Cavenagh Bridge

Singapore Infopedia


Cavenagh Bridge is located across the Singapore River in the Central Region.1 It is named after William Orfeur Cavenagh, the last governor of the Straits Settlements (1859–67) under British India control. The bridge, completed in 1869, is the oldest bridge across the Singapore River.2 It was the last major work of the Indian convicts and now serves as a footbridge.3

The construction of Cavenagh Bridge started in 1867 and was completed in 1869.4 It is named after Cavenagh,5 the last governor of the Straits Settlements under the government of British India, although his successor, Governor Harry St George Ord, had planned for it to be named “Edinburgh Bridge” to commemorate the Duke of Edinburgh’s visit to Singapore in 1869. Ord eventually relented when members of the Singapore Legislative Council decided that it should honour and perpetuate the name of the last governor appointed by the British East India Company to Singapore.6 Cavenagh Bridge was the last major project undertaken by Indian convict labour.7

Cavenagh Bridge was opened without much fanfare.8 Its steel structure was imported from Glasgow by P&W MacLellan,9 the same company that built the cast-iron Telok Ayer Market.10 The Cavenagh family coat-of-arms can be seen on the cross-beams at both ends of the steel structure.11

The bridge linked Commercial Square (later renamed Raffles Place) and the government quarter, and was an essential alternative to reach the General Post Office, replacing the ferry crossing.12 When Anderson Bridge was opened in 1909, heavy traffic was diverted away from Cavenagh Bridge.13 Cavenagh Bridge was thereafter declared off limits to “any vehicle of which the laden weight exceeds 3 cwt. and to all cattle and horses” – text inscribed on a signage that can still be found at the bridge today – and was converted into a pedestrian-only bridge.14

Unfortunately, the bridge had not been designed to make allowances for the tides; as late as 1983, bumboats plowing the river had to wait for low tide before making their way under the bridge.15 In 1987, Cavenagh Bridge underwent a five-month refurbishment carried out by the Public Works Department to preserve and strengthen its structure.16 The restoration work cost a total of S$1.2 million and the bridge was reopened on 3 July 1987.17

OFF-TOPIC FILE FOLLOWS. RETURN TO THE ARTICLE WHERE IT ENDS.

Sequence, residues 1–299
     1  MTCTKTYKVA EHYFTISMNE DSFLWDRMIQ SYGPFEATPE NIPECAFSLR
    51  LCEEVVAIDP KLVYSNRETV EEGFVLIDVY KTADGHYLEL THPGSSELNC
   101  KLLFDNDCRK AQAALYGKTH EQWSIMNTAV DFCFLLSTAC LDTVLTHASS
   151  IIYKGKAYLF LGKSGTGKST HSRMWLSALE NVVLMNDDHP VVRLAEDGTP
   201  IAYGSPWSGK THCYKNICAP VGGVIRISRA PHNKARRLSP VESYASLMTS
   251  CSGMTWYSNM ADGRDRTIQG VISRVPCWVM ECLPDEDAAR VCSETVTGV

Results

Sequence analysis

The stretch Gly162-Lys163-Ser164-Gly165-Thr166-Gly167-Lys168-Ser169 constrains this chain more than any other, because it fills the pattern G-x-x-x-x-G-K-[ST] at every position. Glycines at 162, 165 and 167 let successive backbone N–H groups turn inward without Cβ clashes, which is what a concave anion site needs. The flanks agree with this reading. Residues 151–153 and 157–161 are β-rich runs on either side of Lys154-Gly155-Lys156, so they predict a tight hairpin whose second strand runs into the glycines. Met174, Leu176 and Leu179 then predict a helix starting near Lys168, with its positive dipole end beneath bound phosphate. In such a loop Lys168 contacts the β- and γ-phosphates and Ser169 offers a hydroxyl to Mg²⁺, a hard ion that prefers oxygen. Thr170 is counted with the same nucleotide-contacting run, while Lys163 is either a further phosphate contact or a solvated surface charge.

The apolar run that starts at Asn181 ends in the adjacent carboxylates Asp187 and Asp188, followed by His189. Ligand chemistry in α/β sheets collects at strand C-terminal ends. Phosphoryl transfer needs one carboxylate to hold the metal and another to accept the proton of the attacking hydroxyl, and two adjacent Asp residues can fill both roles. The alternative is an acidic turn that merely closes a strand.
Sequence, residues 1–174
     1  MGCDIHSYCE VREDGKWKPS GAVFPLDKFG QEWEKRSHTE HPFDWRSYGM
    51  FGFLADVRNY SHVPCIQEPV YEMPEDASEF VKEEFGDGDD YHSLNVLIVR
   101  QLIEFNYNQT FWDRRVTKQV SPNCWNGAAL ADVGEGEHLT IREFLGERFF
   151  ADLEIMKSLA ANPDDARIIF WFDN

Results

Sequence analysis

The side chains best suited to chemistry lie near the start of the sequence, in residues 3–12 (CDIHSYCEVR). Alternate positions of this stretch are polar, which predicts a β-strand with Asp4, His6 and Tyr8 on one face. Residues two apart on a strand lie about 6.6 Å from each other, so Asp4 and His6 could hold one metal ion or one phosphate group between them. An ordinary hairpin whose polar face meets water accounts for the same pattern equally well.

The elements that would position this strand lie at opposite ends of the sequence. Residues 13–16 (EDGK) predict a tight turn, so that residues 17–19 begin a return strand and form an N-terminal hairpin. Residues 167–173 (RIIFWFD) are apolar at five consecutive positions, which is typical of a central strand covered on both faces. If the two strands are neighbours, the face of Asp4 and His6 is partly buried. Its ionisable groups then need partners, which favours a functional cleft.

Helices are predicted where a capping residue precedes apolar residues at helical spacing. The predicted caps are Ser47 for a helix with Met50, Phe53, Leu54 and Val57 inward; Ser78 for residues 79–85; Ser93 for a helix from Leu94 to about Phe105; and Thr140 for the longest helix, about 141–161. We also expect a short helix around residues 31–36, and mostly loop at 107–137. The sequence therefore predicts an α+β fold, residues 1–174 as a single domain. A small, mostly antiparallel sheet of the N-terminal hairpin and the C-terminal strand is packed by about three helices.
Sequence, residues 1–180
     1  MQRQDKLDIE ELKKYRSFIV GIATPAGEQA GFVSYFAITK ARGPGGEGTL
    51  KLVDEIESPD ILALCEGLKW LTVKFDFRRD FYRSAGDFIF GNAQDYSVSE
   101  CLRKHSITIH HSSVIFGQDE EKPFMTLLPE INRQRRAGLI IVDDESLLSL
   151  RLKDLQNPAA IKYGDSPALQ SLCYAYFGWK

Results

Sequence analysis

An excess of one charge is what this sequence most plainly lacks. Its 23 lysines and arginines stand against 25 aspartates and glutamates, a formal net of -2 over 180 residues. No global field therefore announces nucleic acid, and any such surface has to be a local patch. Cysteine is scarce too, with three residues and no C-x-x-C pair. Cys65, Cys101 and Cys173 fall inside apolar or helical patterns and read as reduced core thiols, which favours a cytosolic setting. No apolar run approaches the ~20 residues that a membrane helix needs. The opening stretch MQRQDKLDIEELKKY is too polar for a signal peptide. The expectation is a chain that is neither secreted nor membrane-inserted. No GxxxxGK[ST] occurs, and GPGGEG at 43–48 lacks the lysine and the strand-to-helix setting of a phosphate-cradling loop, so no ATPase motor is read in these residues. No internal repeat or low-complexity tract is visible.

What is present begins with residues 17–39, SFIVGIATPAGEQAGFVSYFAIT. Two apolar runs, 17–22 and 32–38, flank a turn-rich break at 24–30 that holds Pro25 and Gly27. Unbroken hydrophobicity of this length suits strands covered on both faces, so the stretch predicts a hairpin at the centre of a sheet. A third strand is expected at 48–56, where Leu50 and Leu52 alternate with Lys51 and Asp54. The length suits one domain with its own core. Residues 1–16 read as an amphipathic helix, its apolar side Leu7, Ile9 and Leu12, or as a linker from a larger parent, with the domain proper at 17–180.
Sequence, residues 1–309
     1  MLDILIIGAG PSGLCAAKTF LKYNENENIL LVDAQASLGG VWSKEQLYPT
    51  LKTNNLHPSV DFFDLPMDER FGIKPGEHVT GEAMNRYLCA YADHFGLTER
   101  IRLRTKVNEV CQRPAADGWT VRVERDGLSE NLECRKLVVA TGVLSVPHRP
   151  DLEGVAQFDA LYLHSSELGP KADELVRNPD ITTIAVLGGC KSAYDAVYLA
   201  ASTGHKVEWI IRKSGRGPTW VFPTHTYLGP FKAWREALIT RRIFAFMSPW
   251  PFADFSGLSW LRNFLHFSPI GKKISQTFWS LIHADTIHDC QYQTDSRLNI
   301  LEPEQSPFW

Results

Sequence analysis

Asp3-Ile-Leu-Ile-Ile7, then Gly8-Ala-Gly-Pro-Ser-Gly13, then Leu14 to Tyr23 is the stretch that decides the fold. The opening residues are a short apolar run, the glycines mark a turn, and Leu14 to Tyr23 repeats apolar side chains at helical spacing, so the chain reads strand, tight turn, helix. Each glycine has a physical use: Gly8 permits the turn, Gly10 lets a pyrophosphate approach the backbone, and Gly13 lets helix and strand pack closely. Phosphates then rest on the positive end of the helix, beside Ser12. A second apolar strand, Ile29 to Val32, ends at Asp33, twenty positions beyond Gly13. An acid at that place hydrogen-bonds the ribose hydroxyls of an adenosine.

In August 2019, it was announced that Cavenagh Bridge, Elgin Bridge, and Anderson Bridge would be collectively gazetted as a National Monument.18

Variant names
Hokkien: Hai ki thih tiau kio, meaning “iron suspension bridge by the sea shore”.19


Vernon Cornelius

1. Ray Tyers and Siow Jin Hua, Ray Tyers’ Singapore: Then & Now (Singapore: Landmark Books, 1993), 12. (Call no. RSING 959.57 TYE-[HIS])
2. Colin Cheong, Framework and Foundation: A History of the Public Works Department (Singapore: Times Editions, 1992), 55 (Call no. RSING 354.5957008609); Charles Burton Buckley, An Anecdotal History of Old Times in Singapore (Singapore: Oxford University Press, 1984), 783. (Call no. RSING 959.57 BUC-[HIS])
3. Norman Edwards and Peter Keys, Singapore: A Guide to Buildings, Streets, Places (Singapore: Times Books International, 1988), 492. (Call no. RSING 915.957 EDW-[TRA])
4. Cheong, Framework and Foundation, 55; Untitled,” Straits Times Overland Journal, 9 November 1869, 5. (From NewspaperSG)
5. Tyers and Siow, Ray Tyers’ Singapore, 10.
6. Tyers and Siow, Ray Tyers’ Singapore, 10.
7. Edwards and Keys, Guide to Buildings, Streets, Places, 492.
8. “Fortnight’s Summary,” Straits Times, 13 November 1869, 1. (From NewspaperSG)
9. Edwards and Keys, Guide to Buildings, Streets, Places, 492.
10. Edwards and Keys, Guide to Buildings, Streets, Places, 492.
11. “Cavenagh Bridge,” Straits Times Overland Journal, 9 November 1869, 2. (From NewspaperSG)
12. Tyers and Siow, Ray Tyers’ Singapore, 10.
13. Tyers and Siow, Ray Tyers’ Singapore, 11.
14. Edwards and Keys, Guide to Buildings, Streets, Places, 492; Tyers and Siow, Ray Tyers’ Singapore, 11.
15. Edwards and Keys, Guide to Buildings, Streets, Places, 492; Tyers and Siow, Ray Tyers’ Singapore, 11.
16. Tyers and Siow, Ray Tyers’ Singapore, 11.
17. Tyers and Siow, Ray Tyers’ Singapore, 11–12.
18. Nabilah Awang, “Three Singapore River Bridges and the Padang to Be Gazetted as National Monuments,” Today, 3 August 2019. (From Factiva via NLB's eResources website)
19. Victor R. Savage and Brenda S. A. Yeoh, Singapore Street Names: A Study of Toponymics (Singapore: Marshall Cavendish Editions, 2013), 67. (Call no. RSING 915.9570014 SAV-[TRA])

Further resource
Wan Meng Hao and Jacqueline Lau, Heritage Places of Singapore (Singapore: Marshall Cavendish Editions, 2009), 10–11. (Call no. RSING 959.57 WAN-[HIS])

The information in this article is valid as of September 2019 and correct as far as we are able to ascertain from our sources. It is not intended to be an exhaustive or complete history of the subject. Please contact the Library for further reading materials on the topic.

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